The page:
“How come you’re still single?”
“What’s wrong with you?”
“So when is your turn?”
“Don’t be so choosy! Just go for it.”
“No boyfriend ah? Want me to introduce?”

All these comments can be very pressurising for a single person. The question is, how do singles cope with them?


1. Take what’s there

This is one of the most common responses. Singles press the panic button and take whatever comes along. 

As time drags on, the mindset of “beggars cannot be choosers” kicks in.

They end up picking up potential prospects in dating apps, pubs, etc.  They jump into a relationship with anyone who is willing. 

And the result can only be disastrous. Or at best, they end up not actually finding a true soulmate.

I have seen several cases where couples get married after a few short months of “dating”. Only after that do all the hidden skeletons of their lives start to emerge. 

We need to remember that what we are looking for is Mr/Ms Right and not Mr/Ms Right Now!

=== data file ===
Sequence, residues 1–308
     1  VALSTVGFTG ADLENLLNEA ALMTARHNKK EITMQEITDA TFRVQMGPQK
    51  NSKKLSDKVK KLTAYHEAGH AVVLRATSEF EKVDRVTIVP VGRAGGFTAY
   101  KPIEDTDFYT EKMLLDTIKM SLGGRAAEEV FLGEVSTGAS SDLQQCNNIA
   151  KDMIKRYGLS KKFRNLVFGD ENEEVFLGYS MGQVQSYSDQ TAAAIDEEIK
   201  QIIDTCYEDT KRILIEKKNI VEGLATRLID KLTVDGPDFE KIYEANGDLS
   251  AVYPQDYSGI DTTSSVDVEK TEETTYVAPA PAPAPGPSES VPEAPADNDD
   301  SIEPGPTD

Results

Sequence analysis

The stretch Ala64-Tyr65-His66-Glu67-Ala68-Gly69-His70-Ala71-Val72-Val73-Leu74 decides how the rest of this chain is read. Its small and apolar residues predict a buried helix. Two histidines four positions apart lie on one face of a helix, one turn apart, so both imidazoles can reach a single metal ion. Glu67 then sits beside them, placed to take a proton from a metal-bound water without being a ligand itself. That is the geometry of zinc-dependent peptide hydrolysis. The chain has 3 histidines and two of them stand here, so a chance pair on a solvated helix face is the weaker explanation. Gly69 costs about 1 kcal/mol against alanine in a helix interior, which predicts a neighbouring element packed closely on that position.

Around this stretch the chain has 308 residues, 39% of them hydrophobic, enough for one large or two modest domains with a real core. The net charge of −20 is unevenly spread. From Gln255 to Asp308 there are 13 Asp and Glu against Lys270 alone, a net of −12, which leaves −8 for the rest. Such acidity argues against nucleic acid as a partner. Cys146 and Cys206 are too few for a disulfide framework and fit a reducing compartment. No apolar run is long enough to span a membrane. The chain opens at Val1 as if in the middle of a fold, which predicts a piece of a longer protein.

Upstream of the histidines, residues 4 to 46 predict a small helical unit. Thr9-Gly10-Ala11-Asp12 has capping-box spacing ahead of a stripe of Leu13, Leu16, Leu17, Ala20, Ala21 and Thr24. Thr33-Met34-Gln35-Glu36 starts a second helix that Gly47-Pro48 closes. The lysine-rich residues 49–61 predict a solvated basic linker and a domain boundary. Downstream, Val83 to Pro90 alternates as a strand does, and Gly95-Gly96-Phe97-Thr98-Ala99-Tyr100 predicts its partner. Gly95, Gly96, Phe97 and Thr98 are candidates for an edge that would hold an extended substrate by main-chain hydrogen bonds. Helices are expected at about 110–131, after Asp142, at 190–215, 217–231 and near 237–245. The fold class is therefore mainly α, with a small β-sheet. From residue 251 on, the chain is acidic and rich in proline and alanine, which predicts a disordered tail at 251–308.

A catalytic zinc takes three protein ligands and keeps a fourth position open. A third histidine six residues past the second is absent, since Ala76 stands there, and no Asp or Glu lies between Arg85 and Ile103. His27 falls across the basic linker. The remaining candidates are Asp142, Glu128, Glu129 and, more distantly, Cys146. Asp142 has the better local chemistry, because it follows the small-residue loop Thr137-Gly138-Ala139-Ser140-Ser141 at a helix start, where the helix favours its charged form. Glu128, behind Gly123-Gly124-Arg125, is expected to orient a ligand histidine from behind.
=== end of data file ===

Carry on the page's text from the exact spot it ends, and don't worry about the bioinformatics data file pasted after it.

I want to challenge you to never compromise when it comes to the choice of a life partner. It is far better to be single and alone than married and miserable because of the wrong choice of a life partner. 

Don’t just take anyone but choose the one that you want. 

Remember: Don’t settle. Marry only because you want to! 

2. Deny the desire

Another wrong way to deal with these pressure points is simply to deny the desire to find a life partner. But this can be unhealthy because we are seeking to suppress a God-given desire.

It is better to acknowledge that desire and face the feelings that are there. 

In our quest to find The One, we need to be proactive and yet not demanding.

Get the feelings out through talking to God about them, journalling some of those thoughts down and sharing them with significant people in your life like your trusted friends or pastor. 

In this way, we can then engage in the process of waiting upon the Lord while looking out for divine appointments that may come along the way at the same time.

3. Crawl into a cave

Some have given up on the search. Perhaps they have tried and failed. Or maybe they have been rejected too many times, so they quit the quest completely.

They bury themselves in work or spend time at home watching bad Netflix. The journey is just too hard and too long. So they crawl into this dark and lonely cave.